To determine the effects of pre-sleep supplementation with a novel low glycemic index (LGI) carbohydrate (CHO) on next-morning substrate utilization, gastrointestinal distress (GID), and endurance running performance (5-km time-trial, TT). Using a double-blind, randomized, placebo (PLA) controlled, crossover design, trained participants (n = 14; 28 ± 9 years, 8/6 male/female, 55 ± 7 mL/kg/min) consumed a LGI, high glycemic index (HGI), or 0 kcal PLA supplement ≥ 2 h after their last meal and <30 min prior to sleep. Upon arrival, resting energy expenditure (REE), substrate utilization, blood glucose, satiety, and GID were assessed. An incremental exercise test (IET) was performed at 55, 65, and 75% peak volume of oxygen consumption (VO2peak) with GID, rating of perceived exertion (RPE) and substrate utilization recorded each stage. Finally, participants completed the 5-km TT. There were no differences in any baseline measure. During IET, CHO utilization tended to be greater with LGI (PLA, 56 ± 11; HGI, 60 ± 14; LGI, 63 ± 14%, p = 0.16, η2 = 0.14). GID was unaffected by supplementation at any point (p > 0.05). Performance was also unaffected by supplement (PLA, 21.6 ± 9.5; HGI, 23.0 ± 7.8; LGI, 24.1 ± 4.5 min, p = 0.94, η2 = 0.01). Pre-sleep CHO supplementation did not affect next-morning resting metabolism, BG, GID, or 5-km TT performance. The trend towards higher CHO utilization during IET after pre-sleep LGI, suggests that such supplementation increases morning CHO availability.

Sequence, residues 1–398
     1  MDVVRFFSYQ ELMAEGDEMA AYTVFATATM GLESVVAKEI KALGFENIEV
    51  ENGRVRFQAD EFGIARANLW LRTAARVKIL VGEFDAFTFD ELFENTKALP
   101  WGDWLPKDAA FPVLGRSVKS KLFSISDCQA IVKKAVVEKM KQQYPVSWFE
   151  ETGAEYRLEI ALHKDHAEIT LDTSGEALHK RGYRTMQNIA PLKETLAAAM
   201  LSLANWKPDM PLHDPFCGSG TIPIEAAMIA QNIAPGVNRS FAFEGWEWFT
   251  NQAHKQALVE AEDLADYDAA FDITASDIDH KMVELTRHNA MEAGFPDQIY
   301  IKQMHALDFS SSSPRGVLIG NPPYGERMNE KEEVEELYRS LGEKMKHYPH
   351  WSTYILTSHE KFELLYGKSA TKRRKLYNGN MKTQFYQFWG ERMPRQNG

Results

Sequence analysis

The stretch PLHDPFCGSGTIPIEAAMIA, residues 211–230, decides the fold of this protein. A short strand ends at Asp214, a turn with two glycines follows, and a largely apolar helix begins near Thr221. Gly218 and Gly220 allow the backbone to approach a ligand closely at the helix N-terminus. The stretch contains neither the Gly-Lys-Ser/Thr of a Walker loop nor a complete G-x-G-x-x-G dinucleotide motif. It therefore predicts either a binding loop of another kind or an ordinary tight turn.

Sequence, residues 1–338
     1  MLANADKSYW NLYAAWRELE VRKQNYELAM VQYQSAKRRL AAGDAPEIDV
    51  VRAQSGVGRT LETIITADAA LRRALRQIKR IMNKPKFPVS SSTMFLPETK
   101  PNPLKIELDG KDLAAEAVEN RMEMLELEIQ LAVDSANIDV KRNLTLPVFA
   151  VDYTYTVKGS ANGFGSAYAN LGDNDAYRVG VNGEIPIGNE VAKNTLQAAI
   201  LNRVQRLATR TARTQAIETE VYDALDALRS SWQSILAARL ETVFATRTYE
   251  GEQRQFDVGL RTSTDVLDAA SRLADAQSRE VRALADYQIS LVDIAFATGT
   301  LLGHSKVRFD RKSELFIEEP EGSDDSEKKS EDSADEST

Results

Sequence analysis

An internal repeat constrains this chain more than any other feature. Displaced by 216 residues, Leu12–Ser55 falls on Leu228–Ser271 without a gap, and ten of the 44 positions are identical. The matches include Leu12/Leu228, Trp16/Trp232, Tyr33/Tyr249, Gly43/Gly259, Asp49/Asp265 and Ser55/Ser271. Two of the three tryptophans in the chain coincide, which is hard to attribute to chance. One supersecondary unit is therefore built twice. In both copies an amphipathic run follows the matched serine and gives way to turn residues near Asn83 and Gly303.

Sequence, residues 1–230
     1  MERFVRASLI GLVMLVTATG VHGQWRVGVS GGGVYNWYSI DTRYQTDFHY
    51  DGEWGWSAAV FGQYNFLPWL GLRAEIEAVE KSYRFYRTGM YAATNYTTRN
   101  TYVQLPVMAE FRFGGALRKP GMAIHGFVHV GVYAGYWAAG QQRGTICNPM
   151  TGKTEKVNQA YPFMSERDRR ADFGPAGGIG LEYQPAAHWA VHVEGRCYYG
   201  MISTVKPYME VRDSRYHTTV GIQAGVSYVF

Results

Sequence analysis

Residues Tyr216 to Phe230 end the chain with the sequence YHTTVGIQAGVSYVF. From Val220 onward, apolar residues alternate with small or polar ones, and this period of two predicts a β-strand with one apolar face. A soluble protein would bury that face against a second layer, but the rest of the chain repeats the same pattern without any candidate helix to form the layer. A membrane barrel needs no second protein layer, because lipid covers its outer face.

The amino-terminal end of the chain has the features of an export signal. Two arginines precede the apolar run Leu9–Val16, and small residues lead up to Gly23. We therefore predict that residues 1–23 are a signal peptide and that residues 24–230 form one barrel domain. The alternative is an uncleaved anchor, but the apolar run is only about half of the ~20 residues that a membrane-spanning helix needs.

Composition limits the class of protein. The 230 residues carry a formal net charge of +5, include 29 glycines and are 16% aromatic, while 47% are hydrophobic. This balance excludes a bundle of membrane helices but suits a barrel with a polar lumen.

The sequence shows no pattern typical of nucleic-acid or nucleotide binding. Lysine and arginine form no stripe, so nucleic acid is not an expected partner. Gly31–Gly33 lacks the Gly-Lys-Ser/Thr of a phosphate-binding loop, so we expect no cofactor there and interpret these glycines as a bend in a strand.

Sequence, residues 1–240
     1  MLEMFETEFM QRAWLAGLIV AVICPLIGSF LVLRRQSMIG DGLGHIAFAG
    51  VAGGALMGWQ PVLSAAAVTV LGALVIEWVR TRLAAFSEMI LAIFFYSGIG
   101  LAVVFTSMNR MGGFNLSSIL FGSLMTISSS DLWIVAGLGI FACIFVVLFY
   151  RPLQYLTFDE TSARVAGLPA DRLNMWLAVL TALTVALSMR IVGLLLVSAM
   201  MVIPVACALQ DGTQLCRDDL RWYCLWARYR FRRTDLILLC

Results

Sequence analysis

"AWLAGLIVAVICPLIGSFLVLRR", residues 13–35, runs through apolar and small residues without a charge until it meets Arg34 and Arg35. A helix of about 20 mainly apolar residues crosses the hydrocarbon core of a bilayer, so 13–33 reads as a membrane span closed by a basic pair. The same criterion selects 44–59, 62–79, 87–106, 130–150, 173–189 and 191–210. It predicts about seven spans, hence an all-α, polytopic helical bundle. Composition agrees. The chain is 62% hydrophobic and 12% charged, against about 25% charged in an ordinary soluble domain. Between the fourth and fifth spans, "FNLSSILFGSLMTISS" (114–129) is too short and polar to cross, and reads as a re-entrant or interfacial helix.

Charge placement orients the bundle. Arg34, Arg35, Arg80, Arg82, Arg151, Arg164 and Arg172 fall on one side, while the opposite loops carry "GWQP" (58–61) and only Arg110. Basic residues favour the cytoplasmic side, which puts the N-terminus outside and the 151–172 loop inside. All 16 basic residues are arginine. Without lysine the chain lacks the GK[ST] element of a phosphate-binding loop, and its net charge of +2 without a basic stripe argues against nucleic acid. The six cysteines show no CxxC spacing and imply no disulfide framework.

Keywords: carbohydrates; exercise; fat oxidation; fatigue; gastrointestinal distress; satiety; substrate utilization; time trial.